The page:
Back to lab methods. I ran six test sheets through the Grafmatics a couple of times, measuring each sheet twice at all four corners. The best I can determine is that this particular Grafmatics is aimed at about 4.8mm depth from contact face to film emulsion. Then I repeated the test on a couple of random Elite film holders, which are much less precise since they are flexible plastic compared to the stiff metal of the Grafmatics. Nonetheless, the measurements indicate about 4.5mm-4.9mm.

With this target in mind, I thought it would be easy to check the position of the ground glass in my Toyo back. I selected one of my discarded glasses and clamped it carefully into the Toyo back, resting on the ground metal edges provided for the glass. Inverting the back to expose theside facing the lens, I again applied my digital micrometer to measure from the ground contact surfaces on the camera back to the lens-facing side of the ground glass.

Wow! 5.05mm, 5.10, 5.08mm, 5.15mm. Hmm. I better check another Toyo back. 4.65, 4.73, 4.69, 4,80. After measuring all four backs twice, carefully remounting the ground glass each time, I discovered that each is different in both its average and its consistency from corner to corner. When I take the trouble to focus carefully with my 4x loupe after swings and tilts, a .5mm change of focus is significant. But whatís the point if the film is not going to be on the same plane as that to which I focused?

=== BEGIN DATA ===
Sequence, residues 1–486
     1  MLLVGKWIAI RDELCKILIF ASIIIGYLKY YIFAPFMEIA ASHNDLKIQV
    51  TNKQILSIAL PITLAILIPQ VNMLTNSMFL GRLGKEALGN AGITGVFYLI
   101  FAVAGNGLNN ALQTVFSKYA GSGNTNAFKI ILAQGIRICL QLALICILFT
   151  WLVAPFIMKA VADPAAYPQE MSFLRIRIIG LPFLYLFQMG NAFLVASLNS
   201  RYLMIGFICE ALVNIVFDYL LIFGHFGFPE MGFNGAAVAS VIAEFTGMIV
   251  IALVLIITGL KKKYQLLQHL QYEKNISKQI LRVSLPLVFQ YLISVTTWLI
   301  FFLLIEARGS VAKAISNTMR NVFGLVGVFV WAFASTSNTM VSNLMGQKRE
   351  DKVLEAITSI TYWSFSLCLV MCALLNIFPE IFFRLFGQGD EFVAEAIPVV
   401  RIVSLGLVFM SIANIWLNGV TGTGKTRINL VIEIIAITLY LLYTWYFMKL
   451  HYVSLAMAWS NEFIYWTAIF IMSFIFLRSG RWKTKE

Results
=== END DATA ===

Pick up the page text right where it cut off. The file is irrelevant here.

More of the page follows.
So I mounted the Hopf glass into the camera back which offered the most consistent measurements just under 5.00mm. I marked another back as usable and the remaining two as suspect for fine focus. Now Iíll order another ground glass from Steve Hopf. And Iíd love to hear your comments. Is all this unnecessary? Did I do something stupid or miss something obvious? Or is it worth the trouble I took?

29-Mar-2008, 22:54
I bought my Zone VI 8x10 used. It came with a fresnel that was mounted between the GG and the lens. I don't like fresnels so I took it out before I even exposed my first sheet of film...thus moving the GG closer to the lens by the amount of the thickness of the removed fresnel. Several years later I got to thinking -- is my GG still on the same plane as the film? I occasionally have an odd focusing mishap, but I always blaimed it on operator error -- not a misalignment.

So I measured and all seems to be well -- at least by the accuracy of my non-digital ruler. Perhaps that is why the camera was on the used market (Midwest Photo) -- the previous owner might of had focusing problems when he/she mounted the fresnel on the wrong side of the GG.